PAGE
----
Located three (3) minutes away from Sutton Train Station and operating out of Sutherland House, you will find us on the junction of Cedar Road and Brighton Road opposite the Tesco Express. There are paid parking facilities around the area while you enjoy your meal.
Our Chefs Special sauce awaits you, served with rice or chips. There is a wide variety of meals to choose from our menu. We also have several vegetarian options. We are split over two floors. The main entrance leads you into our inviting area with lounge seats to relax, along with table and chairs and a chair to have your meals. We have smartly dressed gentlemen to attend to your needs.
Call us to reserve a table, order your take-aways, or make reservations for your special events. We offer both in-house and outdoor catering services as per your request.
A Little Turkish History
500 YEARS OF OTTOMAN CUISINE
In the Palace and in the homes of the elite, meals were eaten from low tables (sofra), the tops of which were only slightly of the floor.
At meal times the servants would bring large round trays(sini) made of tin-plated copper and generally engraved with elaborate motifs, and place them on small folding supports.
The Ottomans ate with their fingers, never with knives and forks.They tore bread with their hands, and as meat arrived already cut into small pieces, and chicken well-cooked and thus tender, these were easily eaten with the fingers, while rice would be taken to the mouth between three fingers.
Therefore, before meals were served at the palace and in the residences of the elite, those about to eat would wash their hands in water poured from a long-spouted pitcher into a bowl by servants whose duty this was.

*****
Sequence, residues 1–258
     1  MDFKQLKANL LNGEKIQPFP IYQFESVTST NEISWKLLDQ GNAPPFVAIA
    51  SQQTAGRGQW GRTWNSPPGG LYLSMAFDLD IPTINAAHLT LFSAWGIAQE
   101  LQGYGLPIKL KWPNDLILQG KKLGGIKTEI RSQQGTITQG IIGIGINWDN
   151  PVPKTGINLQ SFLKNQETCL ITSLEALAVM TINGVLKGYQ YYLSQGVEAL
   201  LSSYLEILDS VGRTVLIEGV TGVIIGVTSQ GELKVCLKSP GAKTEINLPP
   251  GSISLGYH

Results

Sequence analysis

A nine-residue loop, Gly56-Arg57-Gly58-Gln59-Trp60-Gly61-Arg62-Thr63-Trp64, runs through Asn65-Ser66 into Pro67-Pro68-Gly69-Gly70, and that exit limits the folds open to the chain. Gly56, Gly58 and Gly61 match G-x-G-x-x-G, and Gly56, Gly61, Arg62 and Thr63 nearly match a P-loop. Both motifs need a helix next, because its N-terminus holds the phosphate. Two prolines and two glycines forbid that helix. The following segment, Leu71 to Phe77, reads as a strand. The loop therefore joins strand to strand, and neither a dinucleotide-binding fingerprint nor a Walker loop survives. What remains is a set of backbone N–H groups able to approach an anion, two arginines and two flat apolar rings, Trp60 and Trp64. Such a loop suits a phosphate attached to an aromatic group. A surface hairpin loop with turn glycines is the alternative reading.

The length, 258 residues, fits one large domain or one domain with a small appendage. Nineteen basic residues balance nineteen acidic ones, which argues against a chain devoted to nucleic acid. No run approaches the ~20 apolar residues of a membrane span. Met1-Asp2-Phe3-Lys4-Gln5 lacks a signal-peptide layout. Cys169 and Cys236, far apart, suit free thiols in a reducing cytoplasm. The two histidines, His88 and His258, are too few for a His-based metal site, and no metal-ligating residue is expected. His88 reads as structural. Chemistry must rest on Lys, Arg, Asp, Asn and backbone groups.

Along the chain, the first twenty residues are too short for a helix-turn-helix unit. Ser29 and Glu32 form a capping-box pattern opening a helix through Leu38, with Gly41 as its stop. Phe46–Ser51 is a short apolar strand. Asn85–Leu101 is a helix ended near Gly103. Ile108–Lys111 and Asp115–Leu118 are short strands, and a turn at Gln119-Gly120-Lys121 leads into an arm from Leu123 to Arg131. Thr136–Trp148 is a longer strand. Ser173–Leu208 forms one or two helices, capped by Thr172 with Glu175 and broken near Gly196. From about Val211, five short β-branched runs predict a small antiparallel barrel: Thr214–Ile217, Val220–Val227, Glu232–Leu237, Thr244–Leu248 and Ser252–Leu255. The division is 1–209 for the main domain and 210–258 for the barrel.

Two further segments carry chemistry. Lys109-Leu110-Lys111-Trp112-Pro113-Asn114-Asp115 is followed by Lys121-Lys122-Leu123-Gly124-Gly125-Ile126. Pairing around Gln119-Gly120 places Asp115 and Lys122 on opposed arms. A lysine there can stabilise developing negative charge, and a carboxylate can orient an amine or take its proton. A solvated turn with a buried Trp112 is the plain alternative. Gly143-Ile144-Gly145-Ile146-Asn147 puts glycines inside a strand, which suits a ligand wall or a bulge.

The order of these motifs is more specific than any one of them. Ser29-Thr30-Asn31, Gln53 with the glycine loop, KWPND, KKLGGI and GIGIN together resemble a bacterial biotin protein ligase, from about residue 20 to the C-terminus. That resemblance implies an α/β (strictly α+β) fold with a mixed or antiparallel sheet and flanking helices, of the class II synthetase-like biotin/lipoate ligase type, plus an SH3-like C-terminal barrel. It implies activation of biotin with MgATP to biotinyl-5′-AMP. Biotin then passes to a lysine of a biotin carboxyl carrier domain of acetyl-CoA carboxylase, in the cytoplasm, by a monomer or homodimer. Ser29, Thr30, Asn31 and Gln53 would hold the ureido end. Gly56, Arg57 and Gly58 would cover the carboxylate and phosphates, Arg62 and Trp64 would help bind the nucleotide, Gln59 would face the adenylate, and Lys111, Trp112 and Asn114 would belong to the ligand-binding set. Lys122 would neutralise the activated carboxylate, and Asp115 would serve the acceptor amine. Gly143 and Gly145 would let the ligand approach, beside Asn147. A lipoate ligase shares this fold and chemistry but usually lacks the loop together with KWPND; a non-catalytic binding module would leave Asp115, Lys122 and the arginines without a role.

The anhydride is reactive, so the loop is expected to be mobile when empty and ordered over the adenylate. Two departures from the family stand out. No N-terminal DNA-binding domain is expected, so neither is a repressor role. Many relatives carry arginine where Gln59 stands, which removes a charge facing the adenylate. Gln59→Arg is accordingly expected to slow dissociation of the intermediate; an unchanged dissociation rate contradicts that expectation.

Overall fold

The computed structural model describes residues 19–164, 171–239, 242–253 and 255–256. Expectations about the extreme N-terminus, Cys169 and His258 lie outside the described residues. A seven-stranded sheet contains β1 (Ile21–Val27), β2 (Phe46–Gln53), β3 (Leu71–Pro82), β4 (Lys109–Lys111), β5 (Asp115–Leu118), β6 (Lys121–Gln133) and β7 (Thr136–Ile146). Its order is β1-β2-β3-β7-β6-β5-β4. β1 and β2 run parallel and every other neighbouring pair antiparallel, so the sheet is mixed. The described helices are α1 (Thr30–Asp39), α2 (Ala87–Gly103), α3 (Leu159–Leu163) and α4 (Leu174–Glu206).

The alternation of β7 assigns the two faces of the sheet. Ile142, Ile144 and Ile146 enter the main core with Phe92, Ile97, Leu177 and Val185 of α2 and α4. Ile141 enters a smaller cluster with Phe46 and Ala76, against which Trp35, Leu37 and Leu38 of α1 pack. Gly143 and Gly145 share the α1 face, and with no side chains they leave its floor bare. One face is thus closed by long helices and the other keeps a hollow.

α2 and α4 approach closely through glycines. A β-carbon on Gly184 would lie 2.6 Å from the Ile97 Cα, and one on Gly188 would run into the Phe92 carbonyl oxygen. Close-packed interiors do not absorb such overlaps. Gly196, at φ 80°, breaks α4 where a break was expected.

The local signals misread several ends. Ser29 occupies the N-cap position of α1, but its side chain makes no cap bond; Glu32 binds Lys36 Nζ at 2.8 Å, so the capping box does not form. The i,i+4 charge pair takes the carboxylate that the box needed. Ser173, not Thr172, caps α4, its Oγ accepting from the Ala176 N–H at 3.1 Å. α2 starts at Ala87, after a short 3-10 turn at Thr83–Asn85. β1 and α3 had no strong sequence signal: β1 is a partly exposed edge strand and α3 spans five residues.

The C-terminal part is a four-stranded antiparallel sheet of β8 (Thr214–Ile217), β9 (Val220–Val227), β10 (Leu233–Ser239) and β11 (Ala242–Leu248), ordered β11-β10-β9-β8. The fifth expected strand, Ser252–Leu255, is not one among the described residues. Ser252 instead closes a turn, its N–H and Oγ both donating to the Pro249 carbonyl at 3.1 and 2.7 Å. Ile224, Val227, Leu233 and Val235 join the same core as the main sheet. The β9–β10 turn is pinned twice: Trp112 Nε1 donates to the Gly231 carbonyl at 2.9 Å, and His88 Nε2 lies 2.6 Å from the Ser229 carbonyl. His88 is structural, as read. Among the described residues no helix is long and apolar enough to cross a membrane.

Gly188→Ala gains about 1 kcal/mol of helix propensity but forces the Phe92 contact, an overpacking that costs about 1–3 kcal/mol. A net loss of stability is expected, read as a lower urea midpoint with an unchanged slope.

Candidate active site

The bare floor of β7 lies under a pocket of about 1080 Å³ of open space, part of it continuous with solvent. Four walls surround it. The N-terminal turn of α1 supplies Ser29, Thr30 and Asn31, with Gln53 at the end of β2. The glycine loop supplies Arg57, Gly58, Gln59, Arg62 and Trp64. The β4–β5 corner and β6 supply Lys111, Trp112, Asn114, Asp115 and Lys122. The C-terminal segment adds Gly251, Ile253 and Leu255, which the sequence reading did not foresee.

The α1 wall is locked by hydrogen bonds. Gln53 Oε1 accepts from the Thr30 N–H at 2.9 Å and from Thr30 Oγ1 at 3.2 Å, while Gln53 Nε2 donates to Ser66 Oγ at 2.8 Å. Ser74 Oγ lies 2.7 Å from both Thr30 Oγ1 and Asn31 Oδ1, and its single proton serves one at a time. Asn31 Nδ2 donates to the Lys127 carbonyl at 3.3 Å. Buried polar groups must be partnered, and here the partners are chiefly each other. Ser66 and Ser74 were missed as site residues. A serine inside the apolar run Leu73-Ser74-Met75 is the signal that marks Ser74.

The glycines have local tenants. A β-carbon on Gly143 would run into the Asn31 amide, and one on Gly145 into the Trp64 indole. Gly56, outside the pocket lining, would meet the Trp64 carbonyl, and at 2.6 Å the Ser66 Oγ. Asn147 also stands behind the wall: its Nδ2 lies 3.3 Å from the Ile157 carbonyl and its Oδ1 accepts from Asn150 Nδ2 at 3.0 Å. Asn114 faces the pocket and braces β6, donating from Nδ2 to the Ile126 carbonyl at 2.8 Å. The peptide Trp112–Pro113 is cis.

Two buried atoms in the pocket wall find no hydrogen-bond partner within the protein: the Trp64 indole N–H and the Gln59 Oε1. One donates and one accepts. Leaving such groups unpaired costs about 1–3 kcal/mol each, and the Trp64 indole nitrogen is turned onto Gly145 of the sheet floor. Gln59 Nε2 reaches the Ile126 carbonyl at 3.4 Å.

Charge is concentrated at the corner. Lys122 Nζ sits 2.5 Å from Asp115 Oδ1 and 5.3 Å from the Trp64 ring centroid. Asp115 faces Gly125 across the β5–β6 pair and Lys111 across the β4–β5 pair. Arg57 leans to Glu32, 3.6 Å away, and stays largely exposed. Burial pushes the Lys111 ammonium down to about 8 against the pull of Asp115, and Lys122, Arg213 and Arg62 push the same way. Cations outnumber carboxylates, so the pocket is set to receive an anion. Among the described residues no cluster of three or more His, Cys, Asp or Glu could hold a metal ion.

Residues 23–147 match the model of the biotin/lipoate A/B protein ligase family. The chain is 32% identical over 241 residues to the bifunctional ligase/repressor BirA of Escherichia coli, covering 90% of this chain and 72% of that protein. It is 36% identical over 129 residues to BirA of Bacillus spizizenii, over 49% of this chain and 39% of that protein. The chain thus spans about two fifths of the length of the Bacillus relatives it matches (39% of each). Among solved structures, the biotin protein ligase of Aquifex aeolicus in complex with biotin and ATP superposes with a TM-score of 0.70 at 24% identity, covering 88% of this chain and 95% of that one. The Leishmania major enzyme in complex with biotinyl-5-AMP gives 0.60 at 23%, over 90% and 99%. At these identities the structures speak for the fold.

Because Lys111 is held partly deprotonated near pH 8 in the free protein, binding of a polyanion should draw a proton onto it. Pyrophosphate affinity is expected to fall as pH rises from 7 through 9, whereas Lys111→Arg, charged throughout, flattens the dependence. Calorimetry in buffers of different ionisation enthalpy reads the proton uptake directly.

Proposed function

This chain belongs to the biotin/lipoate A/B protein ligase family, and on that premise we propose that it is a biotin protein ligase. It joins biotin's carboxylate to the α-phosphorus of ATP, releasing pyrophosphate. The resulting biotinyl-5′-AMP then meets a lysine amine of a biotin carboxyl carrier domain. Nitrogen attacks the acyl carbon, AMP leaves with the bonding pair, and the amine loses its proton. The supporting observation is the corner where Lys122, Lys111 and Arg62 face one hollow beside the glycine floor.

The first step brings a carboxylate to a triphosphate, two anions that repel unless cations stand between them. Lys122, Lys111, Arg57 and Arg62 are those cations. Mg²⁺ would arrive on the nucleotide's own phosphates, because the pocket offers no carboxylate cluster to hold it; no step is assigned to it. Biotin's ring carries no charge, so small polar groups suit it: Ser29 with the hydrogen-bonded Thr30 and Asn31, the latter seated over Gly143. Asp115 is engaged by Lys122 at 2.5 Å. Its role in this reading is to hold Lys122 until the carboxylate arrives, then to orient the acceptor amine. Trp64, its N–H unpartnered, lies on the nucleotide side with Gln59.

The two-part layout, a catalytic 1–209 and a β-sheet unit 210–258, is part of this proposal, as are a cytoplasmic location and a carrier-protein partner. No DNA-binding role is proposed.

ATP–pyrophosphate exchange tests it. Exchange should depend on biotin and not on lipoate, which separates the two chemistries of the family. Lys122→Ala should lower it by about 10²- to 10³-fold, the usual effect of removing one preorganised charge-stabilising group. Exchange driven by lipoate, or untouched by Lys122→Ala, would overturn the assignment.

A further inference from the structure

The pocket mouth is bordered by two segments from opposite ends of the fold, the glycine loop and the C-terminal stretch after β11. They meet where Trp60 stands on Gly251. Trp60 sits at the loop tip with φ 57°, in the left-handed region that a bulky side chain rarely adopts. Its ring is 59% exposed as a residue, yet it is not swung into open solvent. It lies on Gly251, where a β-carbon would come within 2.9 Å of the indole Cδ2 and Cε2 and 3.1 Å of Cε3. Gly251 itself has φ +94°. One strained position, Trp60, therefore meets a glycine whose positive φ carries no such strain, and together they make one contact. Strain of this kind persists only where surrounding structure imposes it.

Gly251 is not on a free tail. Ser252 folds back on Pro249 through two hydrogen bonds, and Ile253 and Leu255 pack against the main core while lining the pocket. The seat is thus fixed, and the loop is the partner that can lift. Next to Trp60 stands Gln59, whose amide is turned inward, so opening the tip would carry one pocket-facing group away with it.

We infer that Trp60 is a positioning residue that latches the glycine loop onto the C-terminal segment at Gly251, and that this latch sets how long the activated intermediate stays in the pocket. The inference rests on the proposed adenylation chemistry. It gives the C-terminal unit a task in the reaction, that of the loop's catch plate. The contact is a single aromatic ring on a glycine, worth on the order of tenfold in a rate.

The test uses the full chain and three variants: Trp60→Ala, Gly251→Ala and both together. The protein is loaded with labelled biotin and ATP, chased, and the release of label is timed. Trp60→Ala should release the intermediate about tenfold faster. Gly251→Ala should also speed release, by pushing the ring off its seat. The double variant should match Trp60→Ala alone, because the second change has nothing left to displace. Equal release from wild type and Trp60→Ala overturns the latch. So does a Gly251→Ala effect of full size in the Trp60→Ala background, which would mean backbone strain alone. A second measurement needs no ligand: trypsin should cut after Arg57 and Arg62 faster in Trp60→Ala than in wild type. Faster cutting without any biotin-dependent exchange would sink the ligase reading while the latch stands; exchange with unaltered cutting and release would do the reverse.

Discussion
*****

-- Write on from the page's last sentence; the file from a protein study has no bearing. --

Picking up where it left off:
Guests would eat only a few mouthfuls of each of the many dishes, since it was considered bad manners to eat a lot, without a pause, or to take someone elses turn.
Hands were washed, and rosewater, so loved by the Ottomans, sprinkled on them from special pitchers for the purpose. Sultans and state officials, in order to feed and hold feasts for foreign guests, ambassadors and other palace guests, had their cooks develop certain recipes. Of those working in the palace and mansions, the chefs were among the most beloved; French statesmen asked permission to retain the chefs which Sultan Abdulaziz took with him on his visit to Paris(3). During the rise of the Empire, the Ottomans added the cuisine of every area they conquered to their own cuisine(4). Thus the cuisine of the Ottoman palace and Istanbul in particular became even richer during this period, to reach its peak in the 18th and 19th centuries when the Empire was moving into faster decline(5).